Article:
My question is can both these second and third applications be considered an instance of cross-polarisation due to the fact that you employ two depolarising filters at the same time although with different materials (metal in the second example and plastic in the third)?
Also, if in your second example of the cleaver you pointed your camera along with the circular polariser applied to the lens to the light source which is also depolarised since you were using a linear filter would you have obtained the same results of a black frame where the softbox is?
I hope I explained myself clearly this time.
Hi Myles, sorry for the late reply I’ve been tied up on a few jobs. So first of all don’t worry about whether the filters used were ‘circular’ or ‘linear’ type polarisation as the results would be the same. On the meat cleaver the if there had been no polarising filter on the light source then it would not be possible to remove any reflection of light with just a filter on the camera because the way bare metal interacts with photons means there would have been no polarisation happening to be able to ‘depolarise’ through the camera filter. By putting the filter on the light then we are forcing the light on the bare metal to be somewhat polarised and then allowing the filter on the camera to have some effect. In any example where we have the light and camera with filters then yes we call this cross polarisation. In your final question if I had pointed my camera at the light source for the meat cleaver would the result have been the same as the softbox version the answer is yes the light source would have gone black but maybe not totally as the light would have been much brighter and these filters don’t always block out everything based on the intensity of light. Cheers Karl.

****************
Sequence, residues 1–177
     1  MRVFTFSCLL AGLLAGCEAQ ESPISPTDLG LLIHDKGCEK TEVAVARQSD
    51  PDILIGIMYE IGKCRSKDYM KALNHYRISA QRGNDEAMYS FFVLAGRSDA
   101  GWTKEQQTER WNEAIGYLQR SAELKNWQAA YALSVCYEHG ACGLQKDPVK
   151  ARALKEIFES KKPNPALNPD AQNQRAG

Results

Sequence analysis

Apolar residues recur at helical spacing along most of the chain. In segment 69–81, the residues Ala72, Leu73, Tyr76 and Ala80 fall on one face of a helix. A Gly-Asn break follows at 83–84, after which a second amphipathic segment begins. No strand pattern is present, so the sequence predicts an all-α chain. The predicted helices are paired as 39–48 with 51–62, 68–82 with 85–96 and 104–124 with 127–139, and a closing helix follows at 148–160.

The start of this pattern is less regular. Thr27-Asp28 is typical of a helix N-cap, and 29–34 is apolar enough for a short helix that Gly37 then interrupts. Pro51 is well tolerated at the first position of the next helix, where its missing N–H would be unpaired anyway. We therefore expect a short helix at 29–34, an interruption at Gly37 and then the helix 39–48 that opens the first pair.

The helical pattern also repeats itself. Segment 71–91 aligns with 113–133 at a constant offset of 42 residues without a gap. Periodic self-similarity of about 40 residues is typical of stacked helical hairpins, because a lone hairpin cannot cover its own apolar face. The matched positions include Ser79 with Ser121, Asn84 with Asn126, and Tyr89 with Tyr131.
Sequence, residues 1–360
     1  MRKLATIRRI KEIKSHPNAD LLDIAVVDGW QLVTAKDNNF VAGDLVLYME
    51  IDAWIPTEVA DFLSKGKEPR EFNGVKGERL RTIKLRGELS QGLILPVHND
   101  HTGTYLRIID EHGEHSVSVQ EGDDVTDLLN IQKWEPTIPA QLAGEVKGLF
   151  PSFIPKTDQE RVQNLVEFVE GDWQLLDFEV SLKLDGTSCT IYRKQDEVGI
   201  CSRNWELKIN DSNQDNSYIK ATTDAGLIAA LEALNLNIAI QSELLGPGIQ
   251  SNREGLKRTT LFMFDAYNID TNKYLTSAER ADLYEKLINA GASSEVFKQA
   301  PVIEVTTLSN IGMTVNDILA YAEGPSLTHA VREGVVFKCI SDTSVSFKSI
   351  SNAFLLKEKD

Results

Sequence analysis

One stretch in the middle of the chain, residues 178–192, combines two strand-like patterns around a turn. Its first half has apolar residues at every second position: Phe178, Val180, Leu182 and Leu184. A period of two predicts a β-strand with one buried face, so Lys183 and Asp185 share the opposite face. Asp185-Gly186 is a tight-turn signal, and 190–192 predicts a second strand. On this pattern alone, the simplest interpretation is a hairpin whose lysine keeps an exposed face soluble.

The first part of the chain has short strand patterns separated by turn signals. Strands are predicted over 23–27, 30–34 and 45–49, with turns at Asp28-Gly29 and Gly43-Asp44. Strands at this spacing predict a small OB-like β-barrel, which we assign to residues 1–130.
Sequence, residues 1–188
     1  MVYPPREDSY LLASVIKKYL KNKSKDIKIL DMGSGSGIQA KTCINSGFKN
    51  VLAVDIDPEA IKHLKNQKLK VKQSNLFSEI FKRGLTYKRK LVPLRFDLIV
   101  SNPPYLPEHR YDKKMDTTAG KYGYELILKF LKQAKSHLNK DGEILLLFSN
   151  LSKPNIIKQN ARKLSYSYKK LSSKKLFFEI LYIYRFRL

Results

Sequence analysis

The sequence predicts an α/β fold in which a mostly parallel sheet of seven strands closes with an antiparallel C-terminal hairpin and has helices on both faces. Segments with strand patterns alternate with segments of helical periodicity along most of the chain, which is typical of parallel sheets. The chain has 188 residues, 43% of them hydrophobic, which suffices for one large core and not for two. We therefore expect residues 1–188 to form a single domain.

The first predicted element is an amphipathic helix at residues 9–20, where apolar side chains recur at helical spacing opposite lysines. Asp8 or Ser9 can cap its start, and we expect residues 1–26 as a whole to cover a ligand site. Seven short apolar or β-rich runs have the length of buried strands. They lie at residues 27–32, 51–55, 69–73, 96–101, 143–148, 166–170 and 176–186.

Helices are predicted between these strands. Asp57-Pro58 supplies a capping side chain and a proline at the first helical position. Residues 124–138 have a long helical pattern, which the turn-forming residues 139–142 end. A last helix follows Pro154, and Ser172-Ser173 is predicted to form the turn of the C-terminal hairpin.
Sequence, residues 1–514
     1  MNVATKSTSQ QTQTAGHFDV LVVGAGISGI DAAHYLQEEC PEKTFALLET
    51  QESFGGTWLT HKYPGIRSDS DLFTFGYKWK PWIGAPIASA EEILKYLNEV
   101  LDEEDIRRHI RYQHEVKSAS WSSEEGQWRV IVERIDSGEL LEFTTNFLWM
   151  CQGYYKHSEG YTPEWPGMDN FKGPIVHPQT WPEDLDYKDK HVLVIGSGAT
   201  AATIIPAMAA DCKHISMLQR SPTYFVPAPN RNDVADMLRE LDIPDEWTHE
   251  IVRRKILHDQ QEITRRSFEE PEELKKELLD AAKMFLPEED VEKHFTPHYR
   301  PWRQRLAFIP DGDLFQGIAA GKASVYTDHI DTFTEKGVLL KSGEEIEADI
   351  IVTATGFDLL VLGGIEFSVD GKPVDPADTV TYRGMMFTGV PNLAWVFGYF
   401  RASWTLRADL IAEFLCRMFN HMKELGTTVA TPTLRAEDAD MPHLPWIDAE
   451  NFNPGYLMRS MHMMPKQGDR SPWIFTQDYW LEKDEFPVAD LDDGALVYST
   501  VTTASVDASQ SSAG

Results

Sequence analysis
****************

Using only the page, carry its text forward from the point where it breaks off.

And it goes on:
Lighting high-end leather tufted bar stools and sofas. Ugh!
Thank you Karl for sharing your passion and knowledge with us through this platform! It is by far the best investment I’ve made this year!
May I know for the Kenko extension tubes, which size do I need to get? They sell it separately as well as a set and I’m not sure which one is needed. I shoot with a Canon 6d mark ii.
Hi, it depends entirely on how much magnification you need but I don’t think the set is much more expensive? If I had to choose then the thinest one is the one I use the most.
As far as I remember from my lessons in Physics, a polarizing filter is created through a series of parallel lines or fibers running in one direction in the filter; its direction. By placing this filter in front of a light source you polarize the light by only allowing the light to pass through that is going in the same direction. By placing a second polarizer on the lens.. which is receiving the light, you can modify the lens polarizer filter lines so they are perpendicular to those coming at the lens. If you completely polarize the light, setting the filters perpendicular to each other, as exemplified perfectly by your table top straight down plastic shot, you get complete polarization. As I understand, a circular polarizer has two polarizing filters built together and you are rotating one from parallel to perpendicular and back again to parallel to adjust how much is applied. They are more expensive because you have two filters built in. .. I always assumed they are called circular because you rotate them, but that seems to confuse people. A linear filter is just a single layer of polarizing material.. for full polarization you need a second one.